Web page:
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Question1: I think you're confused on what you're actually measuring. Don't think about this in terms of trades, think about it in terms of the total value of your portfolio. At day 1 you have 100 dollars, tomorrow you have 110, 2 days from now 115 and a week from now it's back to 105. How many trades you made during that period, how big those positions are ...

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$\lambda$ is independent of the maximum sharpe ratio. The maximum sharpe ratio portfolio will give you a combination of the risk free asset and the tangency portfolio. Then your risk aversion just makes you choose the combination between these two assets. See picture below. The blue line is the efficient frontier with short-sales allowed. The red-curve is ...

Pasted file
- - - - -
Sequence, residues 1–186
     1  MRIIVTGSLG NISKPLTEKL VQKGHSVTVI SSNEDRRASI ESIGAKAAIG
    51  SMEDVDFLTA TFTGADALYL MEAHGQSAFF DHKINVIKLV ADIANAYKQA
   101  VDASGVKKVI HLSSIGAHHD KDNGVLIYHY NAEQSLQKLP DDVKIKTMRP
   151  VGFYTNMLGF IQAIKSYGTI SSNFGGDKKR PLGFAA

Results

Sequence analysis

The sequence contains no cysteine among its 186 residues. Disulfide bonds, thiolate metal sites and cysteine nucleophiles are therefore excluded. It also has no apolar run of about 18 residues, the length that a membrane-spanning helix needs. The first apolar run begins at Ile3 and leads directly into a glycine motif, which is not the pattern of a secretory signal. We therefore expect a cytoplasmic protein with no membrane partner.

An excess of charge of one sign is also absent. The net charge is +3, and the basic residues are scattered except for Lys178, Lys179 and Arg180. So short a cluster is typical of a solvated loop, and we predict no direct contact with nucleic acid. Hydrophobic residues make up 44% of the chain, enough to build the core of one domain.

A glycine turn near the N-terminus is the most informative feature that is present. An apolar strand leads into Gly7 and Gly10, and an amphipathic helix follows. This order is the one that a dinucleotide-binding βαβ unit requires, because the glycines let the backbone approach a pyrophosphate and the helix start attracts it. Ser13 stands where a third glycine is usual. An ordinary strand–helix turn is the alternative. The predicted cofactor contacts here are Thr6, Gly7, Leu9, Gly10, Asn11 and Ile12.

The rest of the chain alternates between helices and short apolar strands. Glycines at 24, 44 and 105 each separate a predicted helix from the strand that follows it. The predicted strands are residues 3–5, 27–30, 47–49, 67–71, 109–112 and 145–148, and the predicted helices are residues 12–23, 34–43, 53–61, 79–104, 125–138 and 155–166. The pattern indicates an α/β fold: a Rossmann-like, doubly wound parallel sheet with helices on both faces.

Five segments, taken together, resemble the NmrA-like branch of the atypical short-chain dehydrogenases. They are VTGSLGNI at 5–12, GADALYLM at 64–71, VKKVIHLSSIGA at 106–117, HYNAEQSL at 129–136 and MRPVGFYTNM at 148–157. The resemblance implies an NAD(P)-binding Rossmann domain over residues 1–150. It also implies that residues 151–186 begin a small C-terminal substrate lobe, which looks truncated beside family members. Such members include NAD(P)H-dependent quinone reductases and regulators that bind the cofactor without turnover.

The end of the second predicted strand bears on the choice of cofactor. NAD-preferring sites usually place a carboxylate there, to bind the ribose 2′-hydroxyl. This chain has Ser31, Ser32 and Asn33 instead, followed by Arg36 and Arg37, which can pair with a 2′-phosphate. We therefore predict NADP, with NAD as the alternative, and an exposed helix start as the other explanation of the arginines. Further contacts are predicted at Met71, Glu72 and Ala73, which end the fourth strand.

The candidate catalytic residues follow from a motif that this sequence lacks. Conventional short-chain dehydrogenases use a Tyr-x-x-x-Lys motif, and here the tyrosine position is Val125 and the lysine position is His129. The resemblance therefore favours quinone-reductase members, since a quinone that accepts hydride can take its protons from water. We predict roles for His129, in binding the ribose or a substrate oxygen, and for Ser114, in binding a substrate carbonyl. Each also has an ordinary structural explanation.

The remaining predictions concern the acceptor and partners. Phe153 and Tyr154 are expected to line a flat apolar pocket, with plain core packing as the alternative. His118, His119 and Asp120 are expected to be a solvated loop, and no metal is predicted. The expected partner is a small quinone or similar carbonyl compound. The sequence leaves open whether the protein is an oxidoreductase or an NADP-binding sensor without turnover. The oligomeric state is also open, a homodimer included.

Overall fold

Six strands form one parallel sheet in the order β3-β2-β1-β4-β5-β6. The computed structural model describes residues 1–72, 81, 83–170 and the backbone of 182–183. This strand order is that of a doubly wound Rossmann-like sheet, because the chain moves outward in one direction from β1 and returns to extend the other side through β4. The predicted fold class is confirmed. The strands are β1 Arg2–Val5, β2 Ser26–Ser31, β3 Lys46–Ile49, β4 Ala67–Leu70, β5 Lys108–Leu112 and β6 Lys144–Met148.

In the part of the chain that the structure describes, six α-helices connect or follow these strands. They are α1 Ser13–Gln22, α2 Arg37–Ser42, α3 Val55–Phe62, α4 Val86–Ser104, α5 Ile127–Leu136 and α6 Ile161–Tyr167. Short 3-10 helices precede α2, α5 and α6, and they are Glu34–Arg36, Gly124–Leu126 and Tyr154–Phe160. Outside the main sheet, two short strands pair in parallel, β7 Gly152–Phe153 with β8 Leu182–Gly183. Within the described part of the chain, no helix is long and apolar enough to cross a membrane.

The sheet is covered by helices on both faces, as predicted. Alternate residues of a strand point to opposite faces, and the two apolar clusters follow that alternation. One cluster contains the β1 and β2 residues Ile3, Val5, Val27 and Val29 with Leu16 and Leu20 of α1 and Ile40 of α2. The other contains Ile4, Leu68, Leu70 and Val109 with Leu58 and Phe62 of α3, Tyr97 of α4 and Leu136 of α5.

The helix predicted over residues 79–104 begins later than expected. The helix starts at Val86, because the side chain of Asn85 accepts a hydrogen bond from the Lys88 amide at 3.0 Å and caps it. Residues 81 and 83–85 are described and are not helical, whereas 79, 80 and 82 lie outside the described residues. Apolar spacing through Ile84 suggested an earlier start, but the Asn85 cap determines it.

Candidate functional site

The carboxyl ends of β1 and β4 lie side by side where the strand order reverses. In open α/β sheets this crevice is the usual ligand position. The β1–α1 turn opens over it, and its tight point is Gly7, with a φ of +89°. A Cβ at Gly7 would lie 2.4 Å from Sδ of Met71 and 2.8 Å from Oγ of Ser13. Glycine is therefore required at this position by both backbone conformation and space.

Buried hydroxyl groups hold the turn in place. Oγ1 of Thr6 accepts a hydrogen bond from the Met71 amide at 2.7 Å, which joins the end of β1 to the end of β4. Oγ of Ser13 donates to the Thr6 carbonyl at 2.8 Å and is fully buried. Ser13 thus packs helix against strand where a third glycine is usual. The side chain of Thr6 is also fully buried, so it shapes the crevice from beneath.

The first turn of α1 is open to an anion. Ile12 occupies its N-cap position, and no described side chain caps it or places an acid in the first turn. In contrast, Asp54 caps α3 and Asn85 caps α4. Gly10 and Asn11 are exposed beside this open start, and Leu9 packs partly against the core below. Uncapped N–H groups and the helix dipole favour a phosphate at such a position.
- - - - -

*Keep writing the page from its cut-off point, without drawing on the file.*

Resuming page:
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My understanding is that a Sharpe Ratio must be calculated based on the actual trading days elapsed, not on the days traded. The calculation proceeds as follows: 1) Establish a list of all trading days between 6/2/2016 and 6/9/2020. You could start with a list of all calendar days, remove Saturdays and Sundays and then remove the NYSE holidays listed on ...

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The answer above is not correct. Let's go by parts: Denote the mean of returns $\mu$. Denote the standard deviation of returns: $\sigma$. Therefore the sharpe ratio is: $$SR = \frac{\mu-r_f}{\sigma}$$ The corresponding standard errors are: $$se(\hat{mu}) = \frac{\sigma}{\sqrt{t}}$$ $$se(\hat{\sigma}) = \frac{\sqrt{2} \sigma^2}{\sqrt{T}}$$  se(\...

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